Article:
Document Type


Publication Title

Natural Resources Journal

Journal Abbreviation

Nat. Resources J.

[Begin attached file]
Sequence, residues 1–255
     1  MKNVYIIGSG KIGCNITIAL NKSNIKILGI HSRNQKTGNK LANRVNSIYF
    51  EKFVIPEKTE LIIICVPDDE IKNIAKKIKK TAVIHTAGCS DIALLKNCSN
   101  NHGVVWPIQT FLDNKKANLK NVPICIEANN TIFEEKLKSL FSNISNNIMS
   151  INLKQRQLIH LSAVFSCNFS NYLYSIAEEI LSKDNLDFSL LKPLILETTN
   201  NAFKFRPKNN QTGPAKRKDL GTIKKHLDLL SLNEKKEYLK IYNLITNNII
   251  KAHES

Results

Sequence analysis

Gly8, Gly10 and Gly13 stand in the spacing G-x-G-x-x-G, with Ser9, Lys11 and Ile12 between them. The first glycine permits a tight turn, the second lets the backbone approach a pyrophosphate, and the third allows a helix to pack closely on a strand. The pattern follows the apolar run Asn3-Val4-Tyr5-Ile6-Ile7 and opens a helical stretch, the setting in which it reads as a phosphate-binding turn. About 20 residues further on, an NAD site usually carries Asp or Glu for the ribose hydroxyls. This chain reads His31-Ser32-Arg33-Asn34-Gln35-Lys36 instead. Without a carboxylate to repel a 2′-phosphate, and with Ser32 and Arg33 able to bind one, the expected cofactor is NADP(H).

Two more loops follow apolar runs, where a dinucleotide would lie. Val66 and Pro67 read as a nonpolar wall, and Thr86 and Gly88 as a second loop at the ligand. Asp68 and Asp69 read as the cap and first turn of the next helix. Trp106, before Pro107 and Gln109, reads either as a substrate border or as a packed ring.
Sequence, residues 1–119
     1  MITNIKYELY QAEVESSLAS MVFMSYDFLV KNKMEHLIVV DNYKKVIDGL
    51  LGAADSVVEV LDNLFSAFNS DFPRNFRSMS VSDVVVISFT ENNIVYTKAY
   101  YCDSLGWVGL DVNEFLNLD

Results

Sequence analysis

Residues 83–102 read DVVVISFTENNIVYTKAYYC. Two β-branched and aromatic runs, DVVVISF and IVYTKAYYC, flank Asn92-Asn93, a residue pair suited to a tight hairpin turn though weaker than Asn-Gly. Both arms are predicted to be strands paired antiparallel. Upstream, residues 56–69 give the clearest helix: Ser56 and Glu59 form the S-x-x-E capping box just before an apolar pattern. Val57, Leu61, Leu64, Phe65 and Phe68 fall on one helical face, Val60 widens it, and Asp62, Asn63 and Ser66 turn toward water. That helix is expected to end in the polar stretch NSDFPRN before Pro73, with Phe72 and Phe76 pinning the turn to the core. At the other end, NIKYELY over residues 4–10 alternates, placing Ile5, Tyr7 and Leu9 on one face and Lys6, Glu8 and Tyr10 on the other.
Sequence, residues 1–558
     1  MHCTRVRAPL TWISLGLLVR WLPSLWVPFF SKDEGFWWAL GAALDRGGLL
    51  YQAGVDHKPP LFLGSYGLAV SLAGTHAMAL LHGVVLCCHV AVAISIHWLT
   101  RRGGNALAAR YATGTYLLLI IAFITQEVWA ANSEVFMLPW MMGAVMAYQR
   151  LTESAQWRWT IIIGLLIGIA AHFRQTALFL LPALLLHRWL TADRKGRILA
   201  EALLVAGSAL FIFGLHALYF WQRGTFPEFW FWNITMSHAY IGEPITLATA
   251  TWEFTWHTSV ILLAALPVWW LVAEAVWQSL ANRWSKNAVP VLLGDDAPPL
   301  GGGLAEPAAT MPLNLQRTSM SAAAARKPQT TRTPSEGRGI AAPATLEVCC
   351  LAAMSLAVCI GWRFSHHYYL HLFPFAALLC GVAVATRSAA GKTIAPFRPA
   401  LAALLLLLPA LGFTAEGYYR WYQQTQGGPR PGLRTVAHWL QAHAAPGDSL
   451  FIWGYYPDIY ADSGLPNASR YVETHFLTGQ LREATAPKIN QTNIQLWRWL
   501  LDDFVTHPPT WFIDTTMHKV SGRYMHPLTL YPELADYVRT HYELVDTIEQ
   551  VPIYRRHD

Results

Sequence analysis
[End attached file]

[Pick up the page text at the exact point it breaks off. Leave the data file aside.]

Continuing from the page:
A century ago, the Supreme Court decided United States v. Winans, which upheld the Indian treaty right to cross private property to access traditional fishing grounds in the Columbia River. The Winans decision, a landmark in Indian treaty interpretation, protected critically important cultural and economic practices from white encroachment, a surprising result in an era committed to Indian assimilation and allotment. This article examines the case, its context, its participants, and its contributions to Indian natural resources law. The dispute took place at Celilo Falls, the most important Indian fishing site in the Columbia Basin, although the government agents and attorneys viewed it as a test case, emblematic of the clash of cultures taking place throughout the Northwest at the end of the 19th century. In fact, the article considers in some depth two predecessor cases involving the same tract of land at issue in Winans and suggests that the Indian agents who pursued the case did so because they saw treaty fishing as an economic lifeline for Indians who had failed at agrarianism on-reservation. The district court issued a confusing array of injunctions and opinions that ultimately culminated in dismissal of the case some eight years after it was filed. A direct appeal to the Supreme Court produced an opinion memorable almost as much for its poetic language as for its result. Justice Joseph McKenna, not otherwise known for his lyricism, wrote that fishing at Celilo Falls was not much less necessary to the Indians than the atmosphere they breathed and proceeded to rule that their treaty rights included the imposition of a servitude, a right in land necessary to access their traditional fishing sites. In response to the lower court's conclusion that the treaty language recognizing a tribal right of taking fish in common with settlers meant only equality of treatment, McKenna averred that such a result was certainly an impotent outcome to negotiations and a convention, which seemed to promise more and give the word of the Nation for more. The decision's lodestar status is not merely due to its language, however. It established the reserved rights doctrine, which holds that Indian treaties are not a grant of rights to the Indians but a grant of rights from them - a reservation of rights not granted. Over the last century, the reserved rights doctrine has been immensely important in recognizing tribal proprietary rights to natural resources and in recognizing tribal sovereignty. Winans also reaffirmed the rule that Indian treaties should be interpreted as the Indians, the weaker party, would have understood, and rejected claims that state ownership of the riverbed foreclosed federally created treaty rights. Both of these principles endure. Finally, the case recognized treaty fishing rights as property rights that would run against not only the federal government but also the state and private parties, a precedent that some recent lower court decisions seem to have overlooked.

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